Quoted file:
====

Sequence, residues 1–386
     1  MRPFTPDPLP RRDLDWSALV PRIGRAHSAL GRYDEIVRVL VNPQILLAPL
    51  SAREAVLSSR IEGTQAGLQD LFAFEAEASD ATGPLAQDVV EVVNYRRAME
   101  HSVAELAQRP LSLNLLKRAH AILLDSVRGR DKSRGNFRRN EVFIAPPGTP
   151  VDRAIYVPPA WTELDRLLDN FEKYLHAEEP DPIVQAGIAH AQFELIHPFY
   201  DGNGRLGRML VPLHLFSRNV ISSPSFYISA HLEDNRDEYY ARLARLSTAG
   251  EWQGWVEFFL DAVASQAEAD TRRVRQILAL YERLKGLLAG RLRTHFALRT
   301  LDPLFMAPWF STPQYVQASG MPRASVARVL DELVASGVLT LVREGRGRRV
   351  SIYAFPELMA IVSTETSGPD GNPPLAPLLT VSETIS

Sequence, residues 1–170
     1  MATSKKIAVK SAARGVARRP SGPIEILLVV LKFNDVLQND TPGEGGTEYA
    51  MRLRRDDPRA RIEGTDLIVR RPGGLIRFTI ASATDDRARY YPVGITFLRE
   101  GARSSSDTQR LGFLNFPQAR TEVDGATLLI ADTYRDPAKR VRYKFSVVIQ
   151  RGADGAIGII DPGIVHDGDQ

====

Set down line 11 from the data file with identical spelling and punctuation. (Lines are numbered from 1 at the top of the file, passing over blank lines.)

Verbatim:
     1  MATSKKIAVK SAARGVARRP SGPIEILLVV LKFNDVLQND TPGEGGTEYA